Teach your kids how to dial 9-1-1 and how important it is to only use it for emergencies. Let them know what to expect when they call:

  • Tell the person who answers what and where the emergency is
  • Give their full address, phone number, and name
  • Stay on the line with the 9-1-1 operator until they tell them to hang up
  • Help is on its way, even though they are still talking to the operator

We don’t ever want to discourage kids from calling 9-1-1, but it’s important they understand when to use it.


Bullying has been in the news more than ever lately, with several high profile and tragic incidents bringing a lot of attention to the subject. Whether you are being bullied, or you are the parent of a child being bullied, or even if you are the one bullying, we want to help:

Age 8 to 10
Age 11 to 18

Online safety

Most people online are decent, but there are always individuals who are rude, exploitative, and even dangerous. Learn about the potential risks online and how to educate your children to spot them and stay safe.

Children in the eight-to-ten-year-old range are getting pretty familiar online. What can you do to ensure they stay safe?

Youth today are facing some of the greatest risks to their safety online. It’s crucial to educate them about those risks if they’re going to protect themselves.

Strangers and safety

It’s very important to talk to your children about personal safety with age-appropriate information. You will find personal safety tips for children of all ages here:


Effective parental influence is a key to gang prevention. It is important for parents to trust their own instincts. If you feel something is wrong with your child, it probably is. This instinct can be an early warning signal to work on prevention.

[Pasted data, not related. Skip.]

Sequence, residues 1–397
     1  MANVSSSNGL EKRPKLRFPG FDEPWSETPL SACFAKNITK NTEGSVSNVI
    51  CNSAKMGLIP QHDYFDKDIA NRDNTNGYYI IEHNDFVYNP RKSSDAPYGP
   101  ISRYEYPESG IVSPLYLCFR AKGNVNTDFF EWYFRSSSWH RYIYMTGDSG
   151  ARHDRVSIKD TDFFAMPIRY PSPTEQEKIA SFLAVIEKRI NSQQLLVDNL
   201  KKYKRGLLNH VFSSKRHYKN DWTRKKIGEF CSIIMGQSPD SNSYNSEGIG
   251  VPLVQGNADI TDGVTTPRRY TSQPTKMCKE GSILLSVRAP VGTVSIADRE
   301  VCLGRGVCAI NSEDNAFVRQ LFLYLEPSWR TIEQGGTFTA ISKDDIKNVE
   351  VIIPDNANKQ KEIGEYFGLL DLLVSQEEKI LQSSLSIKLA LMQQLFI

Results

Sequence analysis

Parents not only influence their own child’s choice to join a gang, but they can successfully change attitudes in the community by working together with other parents. Most important, they can create a community-wide attitude that rejects gang-related behaviour.

Many parents have developed effective ways to keep their family unit strong and help their children resist the allure of gang membership. The following steps can help prevent gang involvement:

  • talk with your children about alcohol, drugs and gangs – they need accurate, factual information
  • be involved with your children in healthy, creative activities, such as hobbies, sports, school and community events
  • arrange for activities for after school hours; children regularly left alone are often bored and with a lack of supervision have a greater tendency to become involved in gangs, or other negative activities
  • have a tolerance for mistakes or failure, and be supportive; use positive re-enforcement, rather than punishment when possible
  • know where your children are, what they are doing, and who their friends are; consider setting and enforcing a reasonable curfew
  • communicate regularly with parents of your children’s friends
  • listen to what your children say and what their concerns are; good communication will give them the confidence to talk to you about anything
  • encourage your children to get involved in community building projects; when they help build up a community, they are less likely to damage or deface it
  • set clear limits that define what is safe and acceptable and what is not; discipline should always be consistent and fair, and it is important to set a good example
  • learn about gang and drug activity in your community, including finding out how gang members dress and speak, their behaviour and activities

For more information about the Combined Forces Special Enforcement Unit’s (CFSEU) call to action to end gang life, please visit CFSEU.